It has been estimated that up to 3,000 different designs were made but many of these had a limited production run.
This allowed great flexibility in the choice of materials, form and design and resulted in a widely diverse range being produced.
From the traditional English and European styles to multi-sectioned glass banquet lamps and the more rustic wrought iron range, all tastes were catered for.
They came in a wide variety of “mix and match” bases, stems and fonts.
As a result, a huge number of combinations were made.
Popular during the 1860s – 1880s, figural stem oil lamps were produced in a range of sizes up to banquet lamp size.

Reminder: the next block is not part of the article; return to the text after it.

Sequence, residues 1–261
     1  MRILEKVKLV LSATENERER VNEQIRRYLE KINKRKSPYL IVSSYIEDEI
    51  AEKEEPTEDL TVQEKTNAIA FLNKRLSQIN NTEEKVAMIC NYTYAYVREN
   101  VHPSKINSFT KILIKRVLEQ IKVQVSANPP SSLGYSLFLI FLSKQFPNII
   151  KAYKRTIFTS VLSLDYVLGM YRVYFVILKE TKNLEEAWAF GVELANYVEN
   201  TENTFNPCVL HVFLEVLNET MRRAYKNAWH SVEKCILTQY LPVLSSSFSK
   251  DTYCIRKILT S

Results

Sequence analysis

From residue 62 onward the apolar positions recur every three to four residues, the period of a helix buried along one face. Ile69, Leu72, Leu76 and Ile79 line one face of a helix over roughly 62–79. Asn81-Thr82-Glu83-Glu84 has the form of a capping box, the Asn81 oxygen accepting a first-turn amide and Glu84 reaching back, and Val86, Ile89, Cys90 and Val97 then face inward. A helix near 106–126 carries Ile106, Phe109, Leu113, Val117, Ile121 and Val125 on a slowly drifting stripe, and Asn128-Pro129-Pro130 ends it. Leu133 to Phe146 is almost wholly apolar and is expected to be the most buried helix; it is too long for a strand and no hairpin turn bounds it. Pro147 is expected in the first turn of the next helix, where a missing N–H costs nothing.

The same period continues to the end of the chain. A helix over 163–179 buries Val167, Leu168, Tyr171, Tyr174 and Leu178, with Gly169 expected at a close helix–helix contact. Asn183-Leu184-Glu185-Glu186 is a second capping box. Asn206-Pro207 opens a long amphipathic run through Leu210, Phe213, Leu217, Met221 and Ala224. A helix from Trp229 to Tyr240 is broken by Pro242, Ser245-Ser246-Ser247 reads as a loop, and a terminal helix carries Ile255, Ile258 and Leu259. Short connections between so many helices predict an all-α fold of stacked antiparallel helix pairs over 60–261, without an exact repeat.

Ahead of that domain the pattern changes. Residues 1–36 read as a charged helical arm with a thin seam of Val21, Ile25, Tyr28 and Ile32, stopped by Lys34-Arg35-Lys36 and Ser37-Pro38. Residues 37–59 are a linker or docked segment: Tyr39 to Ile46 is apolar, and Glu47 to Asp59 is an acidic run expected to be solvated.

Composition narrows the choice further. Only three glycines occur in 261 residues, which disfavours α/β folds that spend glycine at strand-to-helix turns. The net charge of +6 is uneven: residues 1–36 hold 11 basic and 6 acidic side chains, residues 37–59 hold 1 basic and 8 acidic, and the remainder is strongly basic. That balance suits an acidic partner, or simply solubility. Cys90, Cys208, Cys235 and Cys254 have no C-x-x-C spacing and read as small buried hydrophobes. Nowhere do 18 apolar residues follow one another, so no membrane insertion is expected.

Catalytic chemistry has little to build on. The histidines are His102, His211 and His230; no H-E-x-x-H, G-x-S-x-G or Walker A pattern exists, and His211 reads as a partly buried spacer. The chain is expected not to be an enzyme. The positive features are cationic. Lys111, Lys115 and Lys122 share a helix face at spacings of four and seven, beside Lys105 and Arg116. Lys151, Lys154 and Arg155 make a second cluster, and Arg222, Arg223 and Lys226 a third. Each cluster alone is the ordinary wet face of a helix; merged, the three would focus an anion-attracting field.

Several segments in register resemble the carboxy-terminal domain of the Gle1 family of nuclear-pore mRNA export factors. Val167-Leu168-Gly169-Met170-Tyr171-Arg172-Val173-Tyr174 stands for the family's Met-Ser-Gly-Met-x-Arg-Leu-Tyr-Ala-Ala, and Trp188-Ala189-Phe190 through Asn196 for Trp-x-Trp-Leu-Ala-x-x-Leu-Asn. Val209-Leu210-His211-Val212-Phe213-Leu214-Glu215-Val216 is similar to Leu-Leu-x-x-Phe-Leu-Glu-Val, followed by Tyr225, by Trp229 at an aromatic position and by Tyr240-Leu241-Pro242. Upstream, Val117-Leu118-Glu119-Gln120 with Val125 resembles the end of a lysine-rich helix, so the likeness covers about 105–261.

Most commonly, they depict classical and historical figures but animals and more whimsical and occasionally risque forms are also found.
The movie was set during the Civil War but production of these lamps did not start until at least a decade later.
However, the term is so widely used these days that it has become an accepted description.
Some bases are slate or soapstone but commonly they are cast iron and come in a variety of mouldings.
Most fonts are clear glass, though coloured glass is also seen. The greatest diversity of materials and form is exhibited in the stems.
Other types of glass such as opalescent, opaque and carnival were also used to make oil lamps but again, in far fewer numbers than the clear glass.